MiViM - Multipolar Infrared Vision

1. Infrared Vision



1.2. Electromagnetic Spectrum

Figure 1 depicts the entire electromagnetic spectrum highlighting the infrared part located between the visible and the radio waves. The IR spectrum can be subdivided in 5 regions, although this definition is somehow arbitrary and it differs from one author to another. The subdivision proposed here is based on a combination of the atmospheric transmittance windows, i.e. the wavelengths regions in which infrared radiation is better transmitted through the atmosphere, the detector materials used to build the infrared sensors and the main applications (see Table 1). In this way, the Near Infrared (NIR) band is mostly used in fiber optic telecommunication systems since silica (SiO2) provides a low attenuation losses medium for the infrared, whilst the Short Wave Infrared (SWIR) band allows to work on long-distance telecommunications (remote sensing) using a combinations of detector materials. The Medium Wavelength Infrared (MWIR) and the Long Wavelength Infrared (LWIR) bands find applications in Infrared Thermography for military or civil applications, e.g. target signature identification, surveillance, NonDestructive Evaluation, etc. The Very Long Wavelength Infrared (VLIR) band is used in spectroscopy and astronomy.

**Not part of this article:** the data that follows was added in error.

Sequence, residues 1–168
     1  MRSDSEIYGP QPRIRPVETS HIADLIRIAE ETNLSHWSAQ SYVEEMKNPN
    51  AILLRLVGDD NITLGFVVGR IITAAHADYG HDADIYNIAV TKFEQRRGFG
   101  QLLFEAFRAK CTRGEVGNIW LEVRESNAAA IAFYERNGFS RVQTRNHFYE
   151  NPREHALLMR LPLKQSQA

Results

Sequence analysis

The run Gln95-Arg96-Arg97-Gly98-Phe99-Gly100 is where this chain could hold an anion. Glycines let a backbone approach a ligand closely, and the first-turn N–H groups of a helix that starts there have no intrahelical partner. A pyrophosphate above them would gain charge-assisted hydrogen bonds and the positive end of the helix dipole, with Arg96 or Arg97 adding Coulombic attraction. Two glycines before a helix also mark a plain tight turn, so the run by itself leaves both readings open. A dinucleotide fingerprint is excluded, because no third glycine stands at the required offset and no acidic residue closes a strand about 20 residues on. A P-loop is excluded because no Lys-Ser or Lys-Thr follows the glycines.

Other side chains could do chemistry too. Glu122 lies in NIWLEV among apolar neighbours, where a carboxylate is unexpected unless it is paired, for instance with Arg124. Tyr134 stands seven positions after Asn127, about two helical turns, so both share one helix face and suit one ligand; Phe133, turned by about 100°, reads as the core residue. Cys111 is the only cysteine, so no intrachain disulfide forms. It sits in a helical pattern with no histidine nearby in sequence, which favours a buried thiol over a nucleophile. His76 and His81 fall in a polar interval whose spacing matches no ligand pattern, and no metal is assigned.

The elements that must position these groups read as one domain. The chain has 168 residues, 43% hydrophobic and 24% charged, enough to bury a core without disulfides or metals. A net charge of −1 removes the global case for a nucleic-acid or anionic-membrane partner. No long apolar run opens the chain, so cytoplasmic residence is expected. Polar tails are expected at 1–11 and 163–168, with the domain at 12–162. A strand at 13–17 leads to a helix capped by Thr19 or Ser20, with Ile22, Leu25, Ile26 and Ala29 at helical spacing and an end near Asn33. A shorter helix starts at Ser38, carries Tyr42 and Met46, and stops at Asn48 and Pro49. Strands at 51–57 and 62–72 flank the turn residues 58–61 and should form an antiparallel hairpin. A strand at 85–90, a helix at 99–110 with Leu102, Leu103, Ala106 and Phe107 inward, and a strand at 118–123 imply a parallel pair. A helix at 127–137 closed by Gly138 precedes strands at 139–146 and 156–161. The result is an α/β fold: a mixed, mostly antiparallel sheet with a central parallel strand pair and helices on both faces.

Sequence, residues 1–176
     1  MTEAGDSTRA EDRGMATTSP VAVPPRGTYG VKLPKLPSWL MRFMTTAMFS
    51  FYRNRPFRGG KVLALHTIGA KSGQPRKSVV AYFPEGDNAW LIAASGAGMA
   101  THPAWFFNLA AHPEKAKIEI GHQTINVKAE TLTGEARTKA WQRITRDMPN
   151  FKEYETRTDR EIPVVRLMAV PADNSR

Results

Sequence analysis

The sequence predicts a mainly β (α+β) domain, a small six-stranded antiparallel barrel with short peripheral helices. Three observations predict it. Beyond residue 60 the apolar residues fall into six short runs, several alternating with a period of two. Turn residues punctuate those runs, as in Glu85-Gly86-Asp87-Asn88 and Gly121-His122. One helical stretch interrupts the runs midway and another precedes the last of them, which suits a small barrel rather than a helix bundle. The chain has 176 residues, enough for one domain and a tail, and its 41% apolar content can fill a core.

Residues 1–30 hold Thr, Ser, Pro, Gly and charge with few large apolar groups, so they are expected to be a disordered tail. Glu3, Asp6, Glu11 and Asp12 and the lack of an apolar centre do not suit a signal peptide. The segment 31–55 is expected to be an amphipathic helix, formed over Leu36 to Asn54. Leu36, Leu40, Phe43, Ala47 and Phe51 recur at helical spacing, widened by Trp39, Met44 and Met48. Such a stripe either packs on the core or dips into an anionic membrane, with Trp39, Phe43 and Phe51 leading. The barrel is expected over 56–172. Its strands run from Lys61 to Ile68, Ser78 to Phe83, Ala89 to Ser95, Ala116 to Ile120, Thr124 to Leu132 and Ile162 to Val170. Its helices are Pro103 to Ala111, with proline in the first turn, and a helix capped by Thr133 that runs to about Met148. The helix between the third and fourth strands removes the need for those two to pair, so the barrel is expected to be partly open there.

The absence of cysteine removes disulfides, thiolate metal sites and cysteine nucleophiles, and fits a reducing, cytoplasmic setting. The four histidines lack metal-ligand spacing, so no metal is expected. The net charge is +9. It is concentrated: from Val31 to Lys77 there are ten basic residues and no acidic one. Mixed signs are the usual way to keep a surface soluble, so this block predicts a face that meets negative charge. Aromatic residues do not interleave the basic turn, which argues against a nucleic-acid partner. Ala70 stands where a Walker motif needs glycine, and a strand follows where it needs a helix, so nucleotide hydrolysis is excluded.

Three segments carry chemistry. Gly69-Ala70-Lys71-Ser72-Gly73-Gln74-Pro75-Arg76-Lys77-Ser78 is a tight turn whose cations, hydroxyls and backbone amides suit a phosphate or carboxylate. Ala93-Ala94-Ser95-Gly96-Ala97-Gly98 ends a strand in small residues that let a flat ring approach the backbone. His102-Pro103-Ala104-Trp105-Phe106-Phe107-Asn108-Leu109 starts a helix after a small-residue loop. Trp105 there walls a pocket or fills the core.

Figure 1: The infrared bands in the electromagnetic spectrum, from [IBAR05].

Table 1: Infrared spectral bands. Adapted from: [HUDS69, IBAR05, MALD01a, PIOT04, ROGA02, RUDD04].

The MWIR band is preferred when inspecting high temperature objects and the LWIR band when working with near room temperature objects. Other important criteria for band selection are [MALD01]: the operating distance, indoor-outdoor operation, temperature and emissivity of the bodies of interest. For instance, long wavelengths (LWIR) are preferred for outdoor operation since they are less affected by radiation from the Sun. LWIR cameras are typically uncooled systems using a microbolometer Focal Plane Arrays commonly used in industrial IR applications, although cooled LWIR cameras using Mercury Cadmium Tellurium (MCT) detectors exists as well. On the contrary, the majority of the MWIR cameras require cooling, using either liquid nitrogen or a Stirling cycle cooler. Cooling to approximately -196oC (77 K), offer excellent thermal resolution, but it might restrict the span of applications to controlled environments.


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|| 1.1. Definition || 1.2. Electromagnetic Spectrum || 1.3. Applications ||


Last update: Friday, November 30, 2007
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Department of Electrical and Computer Engineering | CVSL
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